Friday, January 07, 2011
Let's talk about media.
New Media v. Social Media
: let's consider new media to cover websites, blogs, any respected digital space or feature, really--an app, a video stream, a podcast. This media will, for at least the next 50 years, probably still be known as "new media" because it took practically as long to be adopted by the arts community as mainstream. This is an industry that is at once forward-thinking and technologically challenged (Flintstones-style). Kudos to those working with new media!! Below I am listing examples of new media that should serve as reasons for why this is so super important for the art world:
Art Fag City (blog
): Why? Because it's humorous and critical
. And it's on top of the lowest of the Lower East Side. How else would we get daily updates on the goings on of the emerging art scene? Blogs are updated with far greater ease than websites. How else can international art news be spread efficiently and cheaply? Thank goodness for the web-log!
Walker Art Museum (cell phone audio tours
): Why? It's certainly easier to use your phone for an audio tour
than to wait in line to check out an audioguide. It seems like a big money saver for the institution as well. And what could possibly make an exhibition more engaging, more informative, more exciting than hearing about the works from the curator (or sometimes even that artis!)? As Martha Stewart would say, "It's a good thing."
The Exhibitionist (iPhone app
): Why? Because it will significantly cut down on your paper usage: no more printing out maps to plan your gallery-hopping routes. This will be one of those tools where a year from now I will wonder how I ever managed without it. Aside from listings and reviews, this helpful application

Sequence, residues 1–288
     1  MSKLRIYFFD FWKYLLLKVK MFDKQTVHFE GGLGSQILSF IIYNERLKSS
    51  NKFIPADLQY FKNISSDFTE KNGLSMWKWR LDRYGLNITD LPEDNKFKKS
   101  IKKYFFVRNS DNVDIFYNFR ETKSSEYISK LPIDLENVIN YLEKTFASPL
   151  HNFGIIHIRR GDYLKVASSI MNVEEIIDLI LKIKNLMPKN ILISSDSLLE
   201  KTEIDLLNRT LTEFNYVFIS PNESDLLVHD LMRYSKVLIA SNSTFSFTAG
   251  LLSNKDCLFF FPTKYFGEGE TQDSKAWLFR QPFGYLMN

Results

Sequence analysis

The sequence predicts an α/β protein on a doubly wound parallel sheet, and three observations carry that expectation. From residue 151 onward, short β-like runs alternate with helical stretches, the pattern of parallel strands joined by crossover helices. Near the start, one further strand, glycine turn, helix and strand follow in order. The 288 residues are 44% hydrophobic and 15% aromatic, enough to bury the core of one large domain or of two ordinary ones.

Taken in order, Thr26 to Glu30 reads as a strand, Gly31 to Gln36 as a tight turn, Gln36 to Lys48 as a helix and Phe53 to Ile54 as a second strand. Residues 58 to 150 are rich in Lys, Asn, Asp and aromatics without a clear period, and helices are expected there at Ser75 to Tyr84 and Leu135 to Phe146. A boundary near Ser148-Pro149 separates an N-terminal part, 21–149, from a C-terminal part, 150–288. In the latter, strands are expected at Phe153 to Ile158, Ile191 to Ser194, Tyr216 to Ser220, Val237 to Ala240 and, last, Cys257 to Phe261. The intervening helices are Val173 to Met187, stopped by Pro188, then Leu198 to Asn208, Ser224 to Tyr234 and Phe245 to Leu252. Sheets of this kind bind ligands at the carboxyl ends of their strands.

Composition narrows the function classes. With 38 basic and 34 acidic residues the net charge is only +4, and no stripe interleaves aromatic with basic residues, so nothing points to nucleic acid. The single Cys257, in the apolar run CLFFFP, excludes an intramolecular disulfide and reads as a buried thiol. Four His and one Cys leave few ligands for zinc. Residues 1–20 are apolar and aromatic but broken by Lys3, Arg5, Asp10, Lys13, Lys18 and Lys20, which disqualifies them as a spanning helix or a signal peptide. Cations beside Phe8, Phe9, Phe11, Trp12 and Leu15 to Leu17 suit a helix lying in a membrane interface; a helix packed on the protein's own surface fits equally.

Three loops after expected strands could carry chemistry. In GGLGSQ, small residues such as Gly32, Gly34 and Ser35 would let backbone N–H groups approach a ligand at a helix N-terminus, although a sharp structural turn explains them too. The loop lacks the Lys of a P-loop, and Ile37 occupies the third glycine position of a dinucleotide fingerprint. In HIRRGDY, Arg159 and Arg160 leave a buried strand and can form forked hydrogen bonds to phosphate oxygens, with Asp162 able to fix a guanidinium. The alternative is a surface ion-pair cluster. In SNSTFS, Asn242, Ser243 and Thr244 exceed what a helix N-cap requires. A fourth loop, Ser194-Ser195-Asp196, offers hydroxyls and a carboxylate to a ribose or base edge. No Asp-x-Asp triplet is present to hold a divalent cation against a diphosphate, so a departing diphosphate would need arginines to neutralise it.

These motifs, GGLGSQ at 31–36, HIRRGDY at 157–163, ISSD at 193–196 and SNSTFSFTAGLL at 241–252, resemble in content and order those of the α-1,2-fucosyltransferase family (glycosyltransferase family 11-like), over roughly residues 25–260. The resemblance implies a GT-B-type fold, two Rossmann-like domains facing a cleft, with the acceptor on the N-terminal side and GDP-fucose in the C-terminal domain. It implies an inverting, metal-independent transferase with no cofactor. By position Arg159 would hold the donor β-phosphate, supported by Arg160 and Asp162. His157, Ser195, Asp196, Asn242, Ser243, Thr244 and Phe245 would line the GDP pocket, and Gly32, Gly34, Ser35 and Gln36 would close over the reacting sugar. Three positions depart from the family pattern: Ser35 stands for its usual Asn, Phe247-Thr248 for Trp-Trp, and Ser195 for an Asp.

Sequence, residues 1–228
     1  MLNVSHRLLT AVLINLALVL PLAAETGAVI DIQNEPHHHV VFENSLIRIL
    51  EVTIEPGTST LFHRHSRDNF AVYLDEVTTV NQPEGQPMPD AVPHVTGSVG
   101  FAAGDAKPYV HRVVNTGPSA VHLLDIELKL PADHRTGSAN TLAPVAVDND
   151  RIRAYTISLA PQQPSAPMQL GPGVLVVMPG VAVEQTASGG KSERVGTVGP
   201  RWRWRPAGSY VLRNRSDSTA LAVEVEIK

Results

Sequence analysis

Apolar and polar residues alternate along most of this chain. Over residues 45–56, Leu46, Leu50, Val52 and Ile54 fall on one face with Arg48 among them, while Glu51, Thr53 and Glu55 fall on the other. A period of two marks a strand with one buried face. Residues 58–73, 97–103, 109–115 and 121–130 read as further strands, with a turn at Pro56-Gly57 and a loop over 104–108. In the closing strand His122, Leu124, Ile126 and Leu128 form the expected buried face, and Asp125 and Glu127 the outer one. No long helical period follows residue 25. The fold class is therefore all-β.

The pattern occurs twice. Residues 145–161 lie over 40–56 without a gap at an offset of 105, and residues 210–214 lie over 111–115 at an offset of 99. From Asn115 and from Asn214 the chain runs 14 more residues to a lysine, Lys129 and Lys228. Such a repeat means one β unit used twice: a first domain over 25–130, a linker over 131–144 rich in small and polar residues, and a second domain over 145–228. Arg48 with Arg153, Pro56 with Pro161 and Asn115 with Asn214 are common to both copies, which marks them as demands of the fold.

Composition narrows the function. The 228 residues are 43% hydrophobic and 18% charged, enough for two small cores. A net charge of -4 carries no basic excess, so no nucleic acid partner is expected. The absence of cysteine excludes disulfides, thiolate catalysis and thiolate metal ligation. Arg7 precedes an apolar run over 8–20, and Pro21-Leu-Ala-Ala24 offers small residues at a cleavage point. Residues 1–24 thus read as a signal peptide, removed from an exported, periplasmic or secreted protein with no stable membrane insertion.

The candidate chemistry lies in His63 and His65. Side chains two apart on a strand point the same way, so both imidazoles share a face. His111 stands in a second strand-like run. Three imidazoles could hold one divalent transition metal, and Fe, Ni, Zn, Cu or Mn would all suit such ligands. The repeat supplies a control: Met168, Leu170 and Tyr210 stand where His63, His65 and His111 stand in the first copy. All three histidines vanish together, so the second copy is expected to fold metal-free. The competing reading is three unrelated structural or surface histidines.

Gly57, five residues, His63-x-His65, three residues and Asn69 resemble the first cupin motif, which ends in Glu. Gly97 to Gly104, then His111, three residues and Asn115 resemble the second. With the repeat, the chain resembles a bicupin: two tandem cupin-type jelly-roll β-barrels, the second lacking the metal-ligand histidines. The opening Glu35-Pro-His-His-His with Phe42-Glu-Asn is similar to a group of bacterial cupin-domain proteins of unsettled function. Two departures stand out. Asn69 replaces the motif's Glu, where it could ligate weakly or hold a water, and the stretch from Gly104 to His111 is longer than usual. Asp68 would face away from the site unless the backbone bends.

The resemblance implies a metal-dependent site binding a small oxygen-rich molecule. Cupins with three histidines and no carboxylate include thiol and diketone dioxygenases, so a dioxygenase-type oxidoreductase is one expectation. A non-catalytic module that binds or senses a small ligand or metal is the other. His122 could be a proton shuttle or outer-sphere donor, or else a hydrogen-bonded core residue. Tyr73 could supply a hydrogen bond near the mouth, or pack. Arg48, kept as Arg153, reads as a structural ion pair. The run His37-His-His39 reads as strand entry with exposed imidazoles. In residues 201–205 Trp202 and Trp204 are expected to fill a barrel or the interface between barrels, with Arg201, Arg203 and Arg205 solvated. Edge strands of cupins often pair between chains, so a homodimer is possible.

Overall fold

maps out your route, which you can then share with your friends.
This is something I consider to include social networking, Twitter, Flickr, Foursquare, ASmallWorld, etc. I categorized blogs as being outside social media because at least a few of them are recognized art world authorities. But then of course there are the hundreds if not thousands of hobby-bloggers who provide a great deal of content and interesting (outsider?) criticism to the art world. Aside from these bloggers, I'm not sure that social media provides as much of a lasting significance as new media does. Other than increasing viewership and visibility, Arianna Huffington suggests
that sometimes connecting is just for connecting-sake. And that doesn't really make much of an impact when it comes to art.
MoMA's Facebook page
: It provides the same visitor info you find on the museum’s main website (opening hours, exhibitions, etc.) The Twitter feed proudly announces news of great importance such as, “We’re open until 8pm tonight with DJ Andrew Kuo, bar & $28 prix fixe dinner) The YouTube tab must be filled with all sorts of goodies because it was taking so long to load that I eventually gave up. But the fact that 621,583 “People Like This” is hard to ignore. That number will surely be higher by the time you, reader, are reading this. It’s, um, well liked. People know what MoMA is. This Facebook page
seems to share with the viewer that MoMA is something that is KNOWN and if you don’t already know it, you probably should. I don’t know if this type of page serves MoMA as much as it serves Facebook users. I’m sure it’s fine for MoMA to add yet another fan to it’s list of thousands, but John Doe gets to show off to his friends that he’s a fan of MoMA, and is therefore a pretty cool, cultured guy...who’s benefiting more here? And is this benefit in any way furthering the museum’s mission? Me thinks not.